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Leaving the headscarf behind

Protests continue in Iran surrounding hijab laws

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Leaving the headscarf behind

Victoria Williamson | The DePaulia

Victoria Williamson | The DePaulia

Victoria Williamson | The DePaulia

Victoria Williamson | The DePaulia

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It appears to have started with Vida Movahed, a 31-year-old Iranian woman: Standing on a utility box on a busy street corner in Tehran, she quietly waved her headscarf as if it were a white flag while her long hair flowed behind her.

This protest against Iran’s compulsory hijab laws quickly sparked a social media movement around the hashtag “Girls of Enghelab Street,” inspiring other women to commit similar acts; “Enghelab” means revolution in Farsi, the official language of Iran, and it is also the name of the street where Movahed’s silent protest went viral to millions of people around the world.

The new wave of protests are not the first to come to Iran. In January, thousands of people took to the streets to voice concerns over Iran’s economic problems and austerity measures proposed by Iranian President Hassan Rouhani. Men and women protested the nation’s unemployment rate and the increased cost of basic goods, and while there were arrests in the wake of the protests, the government eventually conceded that some protesters had legitimate grievances with the state of the Iranian economy.

Those concessions haven’t necessarily carried over to the women in the “Girls of Revolution Street” movement. On Thursday, a woman who took off her headscarf in public was sentenced to two years in prison, despite Tehran’s police chief saying in December that he would no longer make such arrests.

More than 30 women have been arrested for such protests since December, though many have since been fined and released.

Sentences for dress code violations typically involve a few hundred dollars in fines and a couple months in jail, though human rights watchdogs warn that beatings and inhumane prison conditions are common.

Masih Alinejad, an Iranian journalist and activist who supports the movement and who has created her own dress code-protest campaigns, told the Canadian Broadcasting Corporation in February that this is the first time since the 1979 Iranian Revolution that women are “taking to the street and putting themselves in danger.”

“They know that this a punishable crime, and they want to (be) heard,” Alinejad said in the interview.

Alinejad has also taken issue with Western political leaders who wear the hijab when they visit, saying in the same interview that “by obeying compulsory hijab, they are allowing the Iranian government to put more pressure on these women inside Iran.”

Supporters of the movement argue that it is more political than religious – a desire for increased autonomy and agency in a time when Iran and Saudi Arabia are the only two Middle Eastern countries with compulsory hijab laws on the books.

The laws requiring the hijab started going into effect in the wake of the 1978-9 Iranian Revolution when revolutionary leader Ayatollah Ruhollah Khomeini mandated a dress code for women based on a strict interpretation of Islamic law; they later became mandatory for all women in Iran, regardless of religion, in the ’80s. Critics say the laws, which additionally required women to wear loose clothing covering down to their legs, were motivated by the new regime’s desire to control the populace through a forced show of symbolic patriotism and solidarity.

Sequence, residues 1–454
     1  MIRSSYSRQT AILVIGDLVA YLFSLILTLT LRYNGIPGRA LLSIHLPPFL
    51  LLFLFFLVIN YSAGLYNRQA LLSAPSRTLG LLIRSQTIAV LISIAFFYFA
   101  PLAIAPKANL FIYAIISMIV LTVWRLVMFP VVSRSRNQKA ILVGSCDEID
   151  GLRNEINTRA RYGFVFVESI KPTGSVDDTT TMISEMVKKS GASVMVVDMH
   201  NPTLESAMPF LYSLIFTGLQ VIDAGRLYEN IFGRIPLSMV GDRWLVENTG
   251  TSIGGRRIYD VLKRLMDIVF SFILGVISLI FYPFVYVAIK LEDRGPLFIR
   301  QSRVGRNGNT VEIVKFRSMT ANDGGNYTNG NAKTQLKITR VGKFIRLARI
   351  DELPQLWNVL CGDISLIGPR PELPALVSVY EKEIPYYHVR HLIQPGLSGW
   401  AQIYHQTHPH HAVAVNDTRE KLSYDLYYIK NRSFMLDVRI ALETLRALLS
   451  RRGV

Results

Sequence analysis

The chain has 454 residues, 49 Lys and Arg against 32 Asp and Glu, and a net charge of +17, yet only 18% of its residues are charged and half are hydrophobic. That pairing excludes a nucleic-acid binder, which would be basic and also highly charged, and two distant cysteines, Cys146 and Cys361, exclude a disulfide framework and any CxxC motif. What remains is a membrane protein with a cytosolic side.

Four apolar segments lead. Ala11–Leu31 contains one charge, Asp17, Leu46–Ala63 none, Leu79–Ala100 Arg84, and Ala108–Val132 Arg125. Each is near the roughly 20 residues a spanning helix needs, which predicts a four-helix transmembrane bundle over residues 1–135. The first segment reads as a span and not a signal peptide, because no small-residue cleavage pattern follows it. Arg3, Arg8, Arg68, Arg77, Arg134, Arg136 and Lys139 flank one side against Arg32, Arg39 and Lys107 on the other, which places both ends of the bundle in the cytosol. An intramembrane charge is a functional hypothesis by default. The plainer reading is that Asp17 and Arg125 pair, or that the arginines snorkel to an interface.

Hussein sympathizes with the women protesters, and she also sees a flaw in the broader movement of Western feminists who have been reluctant to support the protests for fear of invoking Islamophobia.

“Women in the West aren’t speaking out about Saudi (Arabia), so they’re not expected to speak out against Iran,” Hussein said.

Izzia Maali, a 65-year-old Muslim woman and Chicago-area machine operator who wears the hijab, says the crux of the issue is the fact that women have no freedom in the country – from the way they are told to dress to the way in which men often have legal control over their lives.

“A long time ago, it used to be that Iran was No. 1 in the Middle East because the Shah of Iran let (women) do anything they wanted. It was real good over there. But since 1979, when the Ayatollah Khomeini came, he turned it upside down,” Maali said.

In 2017, for example, Human Rights Watch released a report saying that women are marginalized not only politically but economically as well, constituting only 16 percent of Iran’s workforce and having an unemployment rate that is twice that of men.

But not everyone agrees.

An 86-year-old Muslim man, who did not want to be named, says he believes that women in Iran face no more disadvantages than anywhere else in the world.

“Those people who are protesting were Westernized during the years of the Shah,” he said. “During the Shah’s time, a lot of people became secular … but women have to have the headscarves because their hair is part of their sexuality, and no man should see any part of a woman’s sexuality except her husband.”

Muslim women in Middle Eastern nations without compulsory dress code laws wear the hijab because they know it is part of their religion, he said, adding that in his view, Iran has been unfairly singled out by propagandists.

While the protests over economic conditions seem to have subsided for the moment, the social media campaigns and hashtags continue – despite many social media apps being banned in Iran. Through pictures and videos on Telegram and elsewhere, women are continuing to protest for the freedom to choose not just what they want to wear, but how they wish to be heard.

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Leaving the headscarf behind